The first one was fittingly lifted from French film Le Dinner De Cons -- and survived with the engaging plot and Bharat Bhushan's contagious inanity.

    However, when it has come down on director Ballary and debutante producer Mukul Deora to shoulder a film wholly on originality, they simply and quite blandly have bubbled-out.

    At its best, Bheja Fry 2 is an unexceptional monsoon mad-caper attempting to entertain with its witlessness and idiocy posing as heroic and humorous. At times, the film appears like a forcefully enacted stage play with annoying characters.

    While the makers would want to believe they have an intelligent product centring on bizarre and daft protagonists', it ironically lands their film being inadvertently resembling the very same people -- brainless bummers.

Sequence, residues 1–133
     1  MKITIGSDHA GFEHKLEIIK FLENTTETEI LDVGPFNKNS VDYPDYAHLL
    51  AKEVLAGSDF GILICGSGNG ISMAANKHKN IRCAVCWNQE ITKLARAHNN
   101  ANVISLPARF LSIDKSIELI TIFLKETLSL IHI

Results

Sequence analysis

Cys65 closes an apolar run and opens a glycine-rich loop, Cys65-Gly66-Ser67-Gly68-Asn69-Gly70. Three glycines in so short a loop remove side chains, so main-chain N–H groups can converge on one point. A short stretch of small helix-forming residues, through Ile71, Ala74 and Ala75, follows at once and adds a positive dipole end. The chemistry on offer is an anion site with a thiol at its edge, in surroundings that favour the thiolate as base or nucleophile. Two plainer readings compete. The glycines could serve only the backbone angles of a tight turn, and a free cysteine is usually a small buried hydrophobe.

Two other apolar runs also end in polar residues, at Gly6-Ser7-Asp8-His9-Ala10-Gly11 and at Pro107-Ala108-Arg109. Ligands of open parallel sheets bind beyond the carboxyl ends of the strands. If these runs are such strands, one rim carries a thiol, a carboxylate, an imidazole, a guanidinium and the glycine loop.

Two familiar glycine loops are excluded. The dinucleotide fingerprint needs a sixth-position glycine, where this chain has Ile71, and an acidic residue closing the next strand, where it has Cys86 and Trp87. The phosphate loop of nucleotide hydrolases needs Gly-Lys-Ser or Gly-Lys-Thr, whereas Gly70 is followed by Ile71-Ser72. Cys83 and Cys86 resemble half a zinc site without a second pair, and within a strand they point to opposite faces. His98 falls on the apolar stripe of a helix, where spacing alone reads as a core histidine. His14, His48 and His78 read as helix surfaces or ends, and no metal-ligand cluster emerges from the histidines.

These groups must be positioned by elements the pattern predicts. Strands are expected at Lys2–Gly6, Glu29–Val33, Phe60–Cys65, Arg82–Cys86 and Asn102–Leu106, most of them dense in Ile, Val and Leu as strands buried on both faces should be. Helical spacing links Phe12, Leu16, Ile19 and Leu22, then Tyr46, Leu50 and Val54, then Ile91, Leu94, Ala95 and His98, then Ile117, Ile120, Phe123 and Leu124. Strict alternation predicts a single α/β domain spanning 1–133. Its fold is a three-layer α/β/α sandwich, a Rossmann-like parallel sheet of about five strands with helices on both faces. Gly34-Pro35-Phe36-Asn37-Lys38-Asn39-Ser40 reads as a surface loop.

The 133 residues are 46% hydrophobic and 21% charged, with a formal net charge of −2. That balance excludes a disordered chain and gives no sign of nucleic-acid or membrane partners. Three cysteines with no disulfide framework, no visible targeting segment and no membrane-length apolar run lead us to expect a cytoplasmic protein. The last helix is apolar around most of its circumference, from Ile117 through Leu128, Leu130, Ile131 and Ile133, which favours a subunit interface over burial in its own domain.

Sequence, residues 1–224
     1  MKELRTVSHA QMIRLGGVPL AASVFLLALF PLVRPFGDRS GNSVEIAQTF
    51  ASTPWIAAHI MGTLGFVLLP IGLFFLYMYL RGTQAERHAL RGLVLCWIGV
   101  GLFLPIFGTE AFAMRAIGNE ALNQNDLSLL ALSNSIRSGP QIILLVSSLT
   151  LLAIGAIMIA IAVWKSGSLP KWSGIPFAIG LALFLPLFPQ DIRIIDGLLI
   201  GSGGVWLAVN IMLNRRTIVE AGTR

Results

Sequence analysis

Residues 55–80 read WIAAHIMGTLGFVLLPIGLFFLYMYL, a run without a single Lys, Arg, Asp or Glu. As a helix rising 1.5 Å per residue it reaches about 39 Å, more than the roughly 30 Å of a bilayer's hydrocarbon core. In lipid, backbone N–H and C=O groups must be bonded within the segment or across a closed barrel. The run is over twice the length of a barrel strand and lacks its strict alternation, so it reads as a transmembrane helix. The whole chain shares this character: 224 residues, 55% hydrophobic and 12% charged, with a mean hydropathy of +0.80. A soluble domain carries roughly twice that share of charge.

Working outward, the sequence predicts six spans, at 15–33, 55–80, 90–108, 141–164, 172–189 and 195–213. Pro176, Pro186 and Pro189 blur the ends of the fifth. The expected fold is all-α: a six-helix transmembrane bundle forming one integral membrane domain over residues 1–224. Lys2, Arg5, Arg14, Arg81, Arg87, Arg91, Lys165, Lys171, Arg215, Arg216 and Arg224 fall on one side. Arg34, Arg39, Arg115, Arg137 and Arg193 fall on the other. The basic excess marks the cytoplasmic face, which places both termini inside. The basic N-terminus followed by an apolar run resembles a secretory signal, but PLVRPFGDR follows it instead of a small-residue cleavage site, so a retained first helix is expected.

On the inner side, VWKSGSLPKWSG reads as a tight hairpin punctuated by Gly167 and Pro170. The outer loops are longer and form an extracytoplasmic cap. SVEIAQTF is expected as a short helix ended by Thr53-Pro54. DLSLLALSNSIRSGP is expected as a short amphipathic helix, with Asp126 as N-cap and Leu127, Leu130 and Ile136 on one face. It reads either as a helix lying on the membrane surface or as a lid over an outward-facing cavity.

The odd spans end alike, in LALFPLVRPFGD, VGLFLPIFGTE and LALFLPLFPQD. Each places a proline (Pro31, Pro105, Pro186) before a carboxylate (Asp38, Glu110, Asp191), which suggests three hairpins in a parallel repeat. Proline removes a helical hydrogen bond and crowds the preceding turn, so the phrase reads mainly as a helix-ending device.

...being a human...

  2. #2
    Runner Up - Admins Awards
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    Dec 2009



    Take the idiot out of familiar settings, and what do you have? Well, a confused idiot, to begin with. And another session of Bheja Fry, set on a much larger scale than the original, but not as much fun.

    Vinay Pathak’s lovable idiot, Bharat Bhushan, returns for another outing in Bheja Fry 2, and set for the most part on a luxury cruise liner, it’s quite an outing. Given the first film’s suspect ‘inspirations’ (it was an unauthorised remake of the French film, Le Diner De Cons), the original Bheja Fry earned as many brickbats from critics as it did bouquets from the box-office. Second time around, though, director Sagar Ballary is clear that he wants to tread an all original path; however, the comic results here seem a bit half-baked when compared to its predecessor.